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1. Basics of Reasoning in Description Logics Jie Bao Iowa State University Feb 7, 2006

2. An ontology of this talk

3. Roadmap • What is Description Logics (DL) • Semantics of DL • Basic Tableau Algorithm • Advanced Tableau Algorithm

4. Description Logics • A formal logic-based knowledge representation language • “Description" about the world in terms of concepts (classes), roles (properties, relationships) and individuals (instances) • Decidable fragments of FOL • Widely used in database (e.g., DL CLASSIC) and semantic web (e.g., OWL language)

5. A “Family” Knowledge Base • Person include Man(Male) and Woman(Female), • A Man is not a Woman • A Father is a Man who has Child • A Mother is a Woman who has Child • Both Father and Mother are Parent • Grandmother is a Mother of a Parent • A Wife is a Woman and has a Husband( which as Man) • A Mother Without Daughter is a Mother whose all Child(ren) are not Women

6. DL for Family KB

7. DL Basics • Concepts (unary predicates/formulae with one free variable) • E.g., Person, Father, Mother • Roles (binary predicates/formulae with two free variables) • E.g., hasChild, hasHudband • Individual names (constants) • E.g., Alice, Bob, Cindy • Subsumption (relations between concepts) • E.g. Female  Person • Operators (for forming concepts and roles) • And(Π) , Or(U), Not (¬) • Universal qualifier (), Existent qualifier() • Number restiction : , , = • Inverse role (-), transitive role (+), Role hierarchy

8. More for “Family” Ontology • (Inverse Role) hasParent = hasChild- • hasParent(Bob,Alice) -> hasChild(Alice, Bob) • (Transitive Role)hasBrother • hasBrother(Bob,David), hasBrother(David, Mack) -> hasBrother(Bob,Mack) • (Role Hierarchy) hasMother  hasParent • hasMother(Bob,Alice) -> hasParent(Bob, Alice) • HappyFather  Father Π 1 hasChild.Woman Π 1 hasChild.Man

9. DL Architecture Knowledge Base Tbox (schema) HappyFather  Person Π 1 hasChild.Woman Π 1 hasChild.Man Interface Inference System Abox (data) Happy-Father(Bob) (Example from Ian Horrocks, U Manchester, UK)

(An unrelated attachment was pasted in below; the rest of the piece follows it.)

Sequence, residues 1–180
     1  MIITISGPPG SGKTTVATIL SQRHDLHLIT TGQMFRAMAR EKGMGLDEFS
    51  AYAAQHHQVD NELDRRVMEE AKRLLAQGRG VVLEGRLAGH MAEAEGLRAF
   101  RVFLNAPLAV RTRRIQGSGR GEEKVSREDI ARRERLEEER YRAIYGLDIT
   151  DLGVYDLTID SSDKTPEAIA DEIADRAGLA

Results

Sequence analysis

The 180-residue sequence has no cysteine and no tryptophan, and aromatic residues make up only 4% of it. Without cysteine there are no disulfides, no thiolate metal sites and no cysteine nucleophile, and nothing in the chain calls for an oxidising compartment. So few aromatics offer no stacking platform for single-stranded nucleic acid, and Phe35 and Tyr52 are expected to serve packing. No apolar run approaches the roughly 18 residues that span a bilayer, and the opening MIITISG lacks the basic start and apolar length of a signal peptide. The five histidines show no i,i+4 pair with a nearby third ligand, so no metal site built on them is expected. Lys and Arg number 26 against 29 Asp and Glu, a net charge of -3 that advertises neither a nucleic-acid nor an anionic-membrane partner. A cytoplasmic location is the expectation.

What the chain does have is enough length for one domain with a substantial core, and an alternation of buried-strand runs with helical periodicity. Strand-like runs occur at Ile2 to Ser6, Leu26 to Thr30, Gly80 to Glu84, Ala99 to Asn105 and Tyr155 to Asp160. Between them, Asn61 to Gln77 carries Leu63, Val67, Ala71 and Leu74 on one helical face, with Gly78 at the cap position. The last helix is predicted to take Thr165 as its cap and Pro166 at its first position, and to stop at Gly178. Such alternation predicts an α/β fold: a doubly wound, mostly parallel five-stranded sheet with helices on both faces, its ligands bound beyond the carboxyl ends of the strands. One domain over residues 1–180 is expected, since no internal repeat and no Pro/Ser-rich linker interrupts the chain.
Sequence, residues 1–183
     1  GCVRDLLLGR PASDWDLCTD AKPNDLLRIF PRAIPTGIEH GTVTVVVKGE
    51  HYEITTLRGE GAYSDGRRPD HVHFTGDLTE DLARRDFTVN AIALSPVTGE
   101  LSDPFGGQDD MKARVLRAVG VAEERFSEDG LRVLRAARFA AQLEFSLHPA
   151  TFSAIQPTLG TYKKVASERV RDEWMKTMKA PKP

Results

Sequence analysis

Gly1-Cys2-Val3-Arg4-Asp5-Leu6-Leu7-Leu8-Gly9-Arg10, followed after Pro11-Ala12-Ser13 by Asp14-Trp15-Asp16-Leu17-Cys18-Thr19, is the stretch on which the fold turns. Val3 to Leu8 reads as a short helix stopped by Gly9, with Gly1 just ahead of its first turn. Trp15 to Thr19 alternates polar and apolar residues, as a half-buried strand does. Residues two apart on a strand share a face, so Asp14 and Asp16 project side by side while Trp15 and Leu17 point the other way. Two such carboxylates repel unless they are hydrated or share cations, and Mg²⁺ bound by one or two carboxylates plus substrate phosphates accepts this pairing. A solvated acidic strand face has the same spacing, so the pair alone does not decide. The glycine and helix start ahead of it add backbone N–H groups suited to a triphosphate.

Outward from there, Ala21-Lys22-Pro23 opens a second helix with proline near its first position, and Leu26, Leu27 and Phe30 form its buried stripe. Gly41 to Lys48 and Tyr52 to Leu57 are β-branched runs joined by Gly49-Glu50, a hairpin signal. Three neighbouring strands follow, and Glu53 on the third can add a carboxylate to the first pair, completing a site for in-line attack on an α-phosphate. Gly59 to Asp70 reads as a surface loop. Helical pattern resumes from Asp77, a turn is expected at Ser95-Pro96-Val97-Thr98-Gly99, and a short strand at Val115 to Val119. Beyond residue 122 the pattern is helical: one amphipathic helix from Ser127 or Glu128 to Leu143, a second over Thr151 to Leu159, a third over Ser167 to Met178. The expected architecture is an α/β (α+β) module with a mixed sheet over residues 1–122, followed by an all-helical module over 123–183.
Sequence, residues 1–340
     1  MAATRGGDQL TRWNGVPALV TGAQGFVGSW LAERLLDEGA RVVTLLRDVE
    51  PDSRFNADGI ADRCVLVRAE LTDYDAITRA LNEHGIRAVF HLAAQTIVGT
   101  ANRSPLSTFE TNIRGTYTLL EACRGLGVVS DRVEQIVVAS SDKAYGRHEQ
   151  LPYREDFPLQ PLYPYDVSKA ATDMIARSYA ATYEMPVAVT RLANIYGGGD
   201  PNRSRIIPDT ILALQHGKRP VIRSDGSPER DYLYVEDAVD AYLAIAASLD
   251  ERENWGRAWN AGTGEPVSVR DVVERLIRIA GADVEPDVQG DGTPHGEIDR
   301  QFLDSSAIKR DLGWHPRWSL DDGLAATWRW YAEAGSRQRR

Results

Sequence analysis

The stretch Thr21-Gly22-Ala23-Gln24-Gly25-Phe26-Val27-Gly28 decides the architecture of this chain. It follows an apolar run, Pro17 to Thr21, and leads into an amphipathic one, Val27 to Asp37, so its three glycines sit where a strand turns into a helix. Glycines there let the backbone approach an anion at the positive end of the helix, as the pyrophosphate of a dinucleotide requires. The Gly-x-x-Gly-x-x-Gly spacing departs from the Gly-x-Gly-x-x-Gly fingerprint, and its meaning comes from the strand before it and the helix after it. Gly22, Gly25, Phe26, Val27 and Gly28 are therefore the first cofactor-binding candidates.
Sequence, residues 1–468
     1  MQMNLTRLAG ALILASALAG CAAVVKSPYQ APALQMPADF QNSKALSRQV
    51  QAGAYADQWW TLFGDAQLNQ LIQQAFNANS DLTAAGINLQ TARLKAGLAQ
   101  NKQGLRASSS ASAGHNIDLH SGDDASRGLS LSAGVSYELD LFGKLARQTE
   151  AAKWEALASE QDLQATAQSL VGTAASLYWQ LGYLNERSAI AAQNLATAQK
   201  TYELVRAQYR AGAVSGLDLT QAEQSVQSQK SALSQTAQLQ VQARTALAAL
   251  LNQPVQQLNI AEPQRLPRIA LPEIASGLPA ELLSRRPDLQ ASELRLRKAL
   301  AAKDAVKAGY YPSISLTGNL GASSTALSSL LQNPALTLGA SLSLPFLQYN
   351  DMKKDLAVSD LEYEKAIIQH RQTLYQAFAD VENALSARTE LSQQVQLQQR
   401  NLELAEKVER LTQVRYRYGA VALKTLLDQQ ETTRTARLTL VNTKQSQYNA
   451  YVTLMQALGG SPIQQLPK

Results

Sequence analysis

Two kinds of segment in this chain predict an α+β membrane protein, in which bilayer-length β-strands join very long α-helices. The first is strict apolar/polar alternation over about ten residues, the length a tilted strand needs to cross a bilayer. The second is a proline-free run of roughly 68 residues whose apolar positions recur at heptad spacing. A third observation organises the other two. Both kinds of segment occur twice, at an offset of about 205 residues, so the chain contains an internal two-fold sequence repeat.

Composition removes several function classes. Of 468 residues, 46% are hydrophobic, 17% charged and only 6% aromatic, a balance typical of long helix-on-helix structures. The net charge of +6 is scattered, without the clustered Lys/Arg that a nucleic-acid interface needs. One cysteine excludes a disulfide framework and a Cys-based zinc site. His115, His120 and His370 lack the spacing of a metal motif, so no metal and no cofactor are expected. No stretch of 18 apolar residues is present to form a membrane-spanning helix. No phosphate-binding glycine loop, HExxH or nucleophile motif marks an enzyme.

10. DL Representives • ALC: the smallest DL that is propositionally closed • Constructors include booleans (and, or, not), • Restrictions on role successors • SHOIQ = OWL DL • S=ALCR+: ALC with transitive role • H = role hierarchy • O = nomial .e.g WeekEnd = {Saturday, Sunday} • I = Inverse role • Q = qualified number restriction e.g. >=1 hasChild.Man • N = number restriction e.g. >=1 hasChild

11. Roadmap • What is Description Logic (DL) • Semantics of DL • Basic Tableau Algorithm • Advanced Tableau Algorithm

12. Interpretations • DL Ontology: is a set of terms and their relations • Interpretation of a DL Ontology: A possible world ("model") that materalizes the ontology • Ontology: • Student  People • Student  Present.Topic • KR  Topic • DL  KR Interpretation

13. DL Semantics • DL semantics defined by interpretations: I = (DI, .I), where • DI is the domain (a non-empty set) • .I is an interpretation function that maps: • Concept (class) name A -> subset AI of DI • Role (property) name R -> binary relation RI over DI • Individual name i -> iI element of DI • Interpretation function .I tells us how to interpret atomic concepts, properties and individuals. • The semantics of concept forming operators is given by extending the interpretation function in an obvious way.

14. DL Semantics: example • I = (DI, .I) • DI = {Jie_Bao, DL_Reasoning} • PeopleI=StudentI={Jie_Bao} • TopicI=KRI=DLI={DL_Reasoning} • PresentI={(Jie_Bao, DL_Reasoning)} An interpretation that satisifies all axioms in an DL ontology is also called a model of the ontology.

15. Source: Description Logics Tutorial, Ian Horrocks and Ulrike Sattler, ECAI-2002,

16. Source: Description Logics Tutorial, Ian Horrocks and Ulrike Sattler, ECAI-2002,

17. Roadmap • What is Description Logic (DL) • Semantics of DL • Basic Tableau Algorithm • Advanced Tableau Algorithm

18. What is Reasoning? • "Machine Understanding" • Find facts that are implicit in the ontology given explicitly stated facts • Find what you know, but you don't know you know it - yet. • Example • A is father of B, B is father of C, then A is ancestor of C. • D is mother of B, then D is female